Monthly Archives: January 2013

Impala Hunting: The Oft Under-appreciated Gem

 The Impala is a beautiful antelope of South-Eastern Africa, extremely numerous and breeding readily, they are among the least expensive game animals of standing one can hunt in Africa. They stand about three feet tall at the shoulder, weighing up to 150 pounds or slightly more though most are less, with beautiful and very long ribbed, sweeping horns that end in sharp tips. The fact they are so widespread, and the cost of hunting them so reasonable, means many great trophies are taken every year and bagging a truly stunning example is a challenge worthy of the most game-tired and privileged hunter. That fellow isn’t I, and seeing as I have yet to start my very own multinational corporation, is unlikely ever to be. I am however slightly spoiled in hunting, and due to the privilege of my PH engaging me in culling Impala my first time over, I became a bit Impala-jaded.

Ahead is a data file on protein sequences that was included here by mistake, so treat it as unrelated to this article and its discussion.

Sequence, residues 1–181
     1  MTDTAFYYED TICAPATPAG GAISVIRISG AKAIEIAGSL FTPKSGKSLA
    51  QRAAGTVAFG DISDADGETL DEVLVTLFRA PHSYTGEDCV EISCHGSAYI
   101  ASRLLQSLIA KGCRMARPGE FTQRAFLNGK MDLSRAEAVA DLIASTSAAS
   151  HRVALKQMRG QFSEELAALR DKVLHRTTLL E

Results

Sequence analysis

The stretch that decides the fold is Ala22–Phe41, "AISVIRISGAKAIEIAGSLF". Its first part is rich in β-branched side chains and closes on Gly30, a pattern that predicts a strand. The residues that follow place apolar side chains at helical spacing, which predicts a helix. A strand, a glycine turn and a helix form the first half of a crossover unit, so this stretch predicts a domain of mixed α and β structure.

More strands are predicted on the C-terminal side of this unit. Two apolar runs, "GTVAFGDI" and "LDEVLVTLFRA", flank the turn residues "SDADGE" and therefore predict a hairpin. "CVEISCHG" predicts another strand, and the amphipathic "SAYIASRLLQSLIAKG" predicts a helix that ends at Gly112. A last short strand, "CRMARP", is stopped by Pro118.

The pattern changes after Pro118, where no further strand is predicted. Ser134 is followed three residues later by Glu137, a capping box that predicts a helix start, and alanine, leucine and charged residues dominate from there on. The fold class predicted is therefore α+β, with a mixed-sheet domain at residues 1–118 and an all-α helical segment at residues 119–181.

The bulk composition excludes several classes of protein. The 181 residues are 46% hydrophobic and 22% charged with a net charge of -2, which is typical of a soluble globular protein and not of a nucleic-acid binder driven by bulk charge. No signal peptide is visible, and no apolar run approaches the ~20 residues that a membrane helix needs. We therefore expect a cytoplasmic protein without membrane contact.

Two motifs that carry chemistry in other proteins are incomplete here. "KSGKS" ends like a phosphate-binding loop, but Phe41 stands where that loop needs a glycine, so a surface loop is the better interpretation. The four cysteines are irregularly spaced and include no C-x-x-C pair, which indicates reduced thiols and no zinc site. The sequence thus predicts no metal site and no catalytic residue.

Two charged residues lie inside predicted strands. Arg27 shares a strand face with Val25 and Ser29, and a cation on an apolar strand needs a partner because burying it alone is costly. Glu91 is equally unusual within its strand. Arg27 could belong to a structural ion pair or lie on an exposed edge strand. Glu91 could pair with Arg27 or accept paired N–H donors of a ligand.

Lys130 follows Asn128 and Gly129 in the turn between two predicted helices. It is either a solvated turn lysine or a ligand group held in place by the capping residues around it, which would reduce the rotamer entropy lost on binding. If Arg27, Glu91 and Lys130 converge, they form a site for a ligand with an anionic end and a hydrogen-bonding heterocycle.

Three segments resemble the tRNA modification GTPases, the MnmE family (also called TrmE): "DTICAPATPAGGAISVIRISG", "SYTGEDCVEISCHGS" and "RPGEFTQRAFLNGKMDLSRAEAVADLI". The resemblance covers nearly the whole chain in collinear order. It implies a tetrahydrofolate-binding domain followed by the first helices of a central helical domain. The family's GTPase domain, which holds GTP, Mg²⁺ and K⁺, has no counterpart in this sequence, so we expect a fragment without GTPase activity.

Upon returning to Africa, Impala was the last thing catching my interest, and this is unfortunate. I was offered some opportunities on excellent rams by my PH and at the time, felt I was “done with them.” I had yet to take a remarkable Impala as well to further crush my logic, and now I must sheepishly admit a prime example of the humble Impala is at the top of my wish list. The predators I love, love Impala themselves, and the predator inside me has found love for Impala again as well- completely away from Africa here in Northern Canada. You see, my brother bagged a beautiful SCI Gold Medal class Impala in South Africa’s Limpopo region astride the Botswana border in late 2011. I was there, and also watched him miss an even larger ram on a tough frontal shot of some range, the PH Louis stating it would have been the best ram of the year from their land- and that’s saying something. At the time I was impressed, and intensely happy for him, but the envy I now feel had not set in.